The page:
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Fontbonne Awarded $1.25 Million Federal Grant to Fund Deaf Education, Speech-Language Pathology Scholars

HomeCollege of Education and Allied Health ProfessionsCommunication Disorders and Deaf EducationFontbonne Awarded $1.25 Million Federal Grant to Fund Deaf Education, Speech-Language Pathology Scholars

Fontbonne University’s Department of Communication Disorders and Deaf Education (CDDE) has been awarded a $1.25 million grant, Interdisciplinary Preparation of Teachers of the Deaf and Speech-Language Pathologists to Provide Family-Centered Early Intervention for Young Children Who Are Deaf/Hard of Hearing (H325K20004), from the Office of Special Education and Rehabilitative Services (OSERS). The funds will be used for a project designed to increase the number of teachers of the deaf and speech-language pathologists who are highly qualified to work with children who are deaf or hard-of-hearing (DHH) and their families through early intervention.

The five-year grant will support 32 scholars seeking master’s degrees in early intervention in deaf education or speech-language pathology. Students who receive funding will enter a six-semester, evidence-based program designed to prepare them to become skilled speech-language pathologists and teachers of the deaf through an interdisciplinary approach.

“Fontbonne has a long history of implementing a high-quality interprofessional personnel preparation program,” said Jenna Voss, assistant professor and associate dean of Fontbonne’s College of Education & Allied Health Professions and CDDE’s graduate deaf education program director. “Our speech-language pathology and deaf education faculty members work together to ensure students understand the role and value of both professions and how to collaborate to best serve children who are DHH and their families.”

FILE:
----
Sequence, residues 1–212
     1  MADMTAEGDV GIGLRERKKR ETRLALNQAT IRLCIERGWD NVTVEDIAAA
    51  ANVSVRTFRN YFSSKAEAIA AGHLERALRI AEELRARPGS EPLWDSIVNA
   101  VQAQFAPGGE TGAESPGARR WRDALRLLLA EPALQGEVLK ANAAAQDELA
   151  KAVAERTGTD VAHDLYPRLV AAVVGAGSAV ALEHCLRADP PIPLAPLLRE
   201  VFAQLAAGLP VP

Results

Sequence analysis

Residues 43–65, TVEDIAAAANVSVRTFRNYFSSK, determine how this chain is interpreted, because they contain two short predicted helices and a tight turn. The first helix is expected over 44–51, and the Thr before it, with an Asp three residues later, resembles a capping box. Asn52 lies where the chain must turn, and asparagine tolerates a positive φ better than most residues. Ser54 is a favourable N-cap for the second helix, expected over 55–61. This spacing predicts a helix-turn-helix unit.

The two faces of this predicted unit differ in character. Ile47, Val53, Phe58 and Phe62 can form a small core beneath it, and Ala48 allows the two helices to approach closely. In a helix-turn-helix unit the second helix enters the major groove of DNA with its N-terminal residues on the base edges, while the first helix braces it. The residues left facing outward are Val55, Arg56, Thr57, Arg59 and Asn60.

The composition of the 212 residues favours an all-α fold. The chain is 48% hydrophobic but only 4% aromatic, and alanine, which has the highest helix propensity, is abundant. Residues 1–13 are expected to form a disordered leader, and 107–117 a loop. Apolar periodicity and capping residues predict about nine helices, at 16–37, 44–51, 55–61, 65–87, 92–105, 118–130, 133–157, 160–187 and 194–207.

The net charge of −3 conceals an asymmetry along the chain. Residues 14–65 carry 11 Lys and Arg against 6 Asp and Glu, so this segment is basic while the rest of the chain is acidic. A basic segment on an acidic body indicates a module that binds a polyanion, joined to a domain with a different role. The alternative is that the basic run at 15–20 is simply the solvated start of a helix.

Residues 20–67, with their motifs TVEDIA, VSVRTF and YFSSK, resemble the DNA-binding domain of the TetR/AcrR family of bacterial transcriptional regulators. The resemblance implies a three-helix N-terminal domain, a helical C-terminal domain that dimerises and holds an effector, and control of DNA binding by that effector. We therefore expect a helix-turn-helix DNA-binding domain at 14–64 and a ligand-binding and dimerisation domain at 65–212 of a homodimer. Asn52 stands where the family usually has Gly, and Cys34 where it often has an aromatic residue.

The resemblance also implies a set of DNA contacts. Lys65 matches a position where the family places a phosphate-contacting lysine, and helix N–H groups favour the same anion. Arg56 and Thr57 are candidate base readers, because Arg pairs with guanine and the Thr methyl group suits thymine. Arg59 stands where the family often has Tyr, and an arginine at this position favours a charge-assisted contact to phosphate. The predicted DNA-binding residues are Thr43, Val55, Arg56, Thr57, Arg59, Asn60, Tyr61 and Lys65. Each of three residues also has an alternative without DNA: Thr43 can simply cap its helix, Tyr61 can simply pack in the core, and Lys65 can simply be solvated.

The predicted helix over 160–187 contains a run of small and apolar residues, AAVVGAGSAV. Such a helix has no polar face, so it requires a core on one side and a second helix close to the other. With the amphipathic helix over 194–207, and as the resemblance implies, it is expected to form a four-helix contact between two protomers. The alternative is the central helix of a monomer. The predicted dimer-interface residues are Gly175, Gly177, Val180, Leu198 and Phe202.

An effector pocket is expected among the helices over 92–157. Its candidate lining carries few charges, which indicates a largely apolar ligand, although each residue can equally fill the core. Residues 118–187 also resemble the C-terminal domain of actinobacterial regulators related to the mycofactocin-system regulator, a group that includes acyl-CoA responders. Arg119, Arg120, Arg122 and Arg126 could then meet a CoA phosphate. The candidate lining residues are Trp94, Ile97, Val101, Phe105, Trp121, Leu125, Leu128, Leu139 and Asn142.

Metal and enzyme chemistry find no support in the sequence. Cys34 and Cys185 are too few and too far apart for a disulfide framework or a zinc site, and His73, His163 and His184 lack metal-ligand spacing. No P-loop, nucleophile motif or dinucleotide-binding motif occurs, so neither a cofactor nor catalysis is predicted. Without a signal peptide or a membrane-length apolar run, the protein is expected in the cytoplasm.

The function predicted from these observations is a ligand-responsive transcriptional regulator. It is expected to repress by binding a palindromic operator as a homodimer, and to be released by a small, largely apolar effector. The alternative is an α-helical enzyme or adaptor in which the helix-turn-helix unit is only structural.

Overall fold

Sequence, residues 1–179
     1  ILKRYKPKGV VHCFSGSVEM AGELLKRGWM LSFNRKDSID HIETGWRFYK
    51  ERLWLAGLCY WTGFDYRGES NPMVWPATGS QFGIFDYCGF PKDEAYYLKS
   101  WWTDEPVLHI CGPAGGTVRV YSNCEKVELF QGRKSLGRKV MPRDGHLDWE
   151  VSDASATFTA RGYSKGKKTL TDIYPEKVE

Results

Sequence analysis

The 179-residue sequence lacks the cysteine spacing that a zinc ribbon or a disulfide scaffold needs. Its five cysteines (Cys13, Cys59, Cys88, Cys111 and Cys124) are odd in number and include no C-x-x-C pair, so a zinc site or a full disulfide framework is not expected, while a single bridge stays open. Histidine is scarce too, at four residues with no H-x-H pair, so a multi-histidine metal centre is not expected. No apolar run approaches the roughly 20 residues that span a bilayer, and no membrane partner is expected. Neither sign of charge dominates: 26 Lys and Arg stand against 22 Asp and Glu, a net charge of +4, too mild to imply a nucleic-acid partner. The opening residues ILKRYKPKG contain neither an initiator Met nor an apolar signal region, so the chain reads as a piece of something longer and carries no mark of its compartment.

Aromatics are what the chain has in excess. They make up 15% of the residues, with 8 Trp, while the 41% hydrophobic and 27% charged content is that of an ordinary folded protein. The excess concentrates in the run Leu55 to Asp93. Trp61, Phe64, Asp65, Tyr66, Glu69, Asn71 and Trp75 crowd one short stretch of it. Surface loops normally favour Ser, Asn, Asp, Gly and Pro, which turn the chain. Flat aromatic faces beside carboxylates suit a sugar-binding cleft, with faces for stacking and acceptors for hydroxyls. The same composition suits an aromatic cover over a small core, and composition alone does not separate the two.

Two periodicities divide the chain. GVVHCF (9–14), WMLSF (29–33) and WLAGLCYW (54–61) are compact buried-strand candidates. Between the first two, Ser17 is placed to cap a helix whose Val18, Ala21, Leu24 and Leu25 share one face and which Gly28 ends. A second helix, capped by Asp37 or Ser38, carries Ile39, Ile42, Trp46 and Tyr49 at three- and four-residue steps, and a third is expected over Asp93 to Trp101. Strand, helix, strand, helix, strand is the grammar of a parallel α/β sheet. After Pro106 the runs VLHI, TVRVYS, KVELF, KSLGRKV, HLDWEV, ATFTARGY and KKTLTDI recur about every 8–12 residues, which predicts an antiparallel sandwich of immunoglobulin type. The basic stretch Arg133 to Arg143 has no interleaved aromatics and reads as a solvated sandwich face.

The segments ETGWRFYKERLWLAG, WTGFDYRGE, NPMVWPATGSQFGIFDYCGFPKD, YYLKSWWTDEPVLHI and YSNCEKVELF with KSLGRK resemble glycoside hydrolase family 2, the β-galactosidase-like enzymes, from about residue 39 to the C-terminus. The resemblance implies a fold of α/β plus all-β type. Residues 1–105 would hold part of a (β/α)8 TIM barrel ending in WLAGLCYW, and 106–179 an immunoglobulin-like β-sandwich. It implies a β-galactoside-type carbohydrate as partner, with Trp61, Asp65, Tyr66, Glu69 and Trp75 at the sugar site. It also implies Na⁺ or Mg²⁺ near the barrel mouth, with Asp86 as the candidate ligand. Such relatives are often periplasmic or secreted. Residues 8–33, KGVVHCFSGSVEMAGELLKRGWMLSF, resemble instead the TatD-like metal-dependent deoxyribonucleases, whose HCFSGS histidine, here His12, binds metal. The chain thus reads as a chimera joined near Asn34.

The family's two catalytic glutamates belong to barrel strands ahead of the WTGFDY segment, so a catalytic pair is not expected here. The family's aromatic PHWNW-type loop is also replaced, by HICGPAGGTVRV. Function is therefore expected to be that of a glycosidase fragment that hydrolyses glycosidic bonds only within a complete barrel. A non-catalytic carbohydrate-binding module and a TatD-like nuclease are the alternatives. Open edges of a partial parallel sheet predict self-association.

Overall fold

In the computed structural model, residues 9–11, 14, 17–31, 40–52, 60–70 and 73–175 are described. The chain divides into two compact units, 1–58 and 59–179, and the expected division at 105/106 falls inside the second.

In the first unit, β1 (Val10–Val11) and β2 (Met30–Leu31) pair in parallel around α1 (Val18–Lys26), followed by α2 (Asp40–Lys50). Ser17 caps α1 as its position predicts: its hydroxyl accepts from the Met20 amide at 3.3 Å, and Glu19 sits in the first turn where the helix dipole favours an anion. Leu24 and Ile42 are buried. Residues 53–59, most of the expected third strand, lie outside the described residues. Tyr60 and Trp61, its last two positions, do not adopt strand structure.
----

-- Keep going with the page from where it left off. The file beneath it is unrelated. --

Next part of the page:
Accepted students will receive tuition support for 36 hours of interdisciplinary coursework and field experiences focused on family-centered early intervention, speech and hearing, language and literacy, infant and child development, assessment and intervention planning, and early childhood educational practices. They will also participate in a collaborative seminar, attend forums and professional conferences, and work with a local group of parent mentors.

“The parent mentors will build invaluable relationships with our scholars from the time they enter our program, sharing their personal perspectives as recipients of the family-centered services,” Voss said.

Considered one of the nation’s best CDDE programs, Fontbonne has earned more than $8 million in federal grants intended to increase the number of professionals qualified to work with children who are DHH.

“We have partners across the country who lead schools for the deaf and facilitate parent support groups,” Voss said. “They recognize the value of a Fontbonne education because they employ our graduates and recognize our alumni as major contributors in the field.”

Students can apply for the early intervention in deaf education and speech-language pathology programs until Feb. 1, 2021. More information is available at

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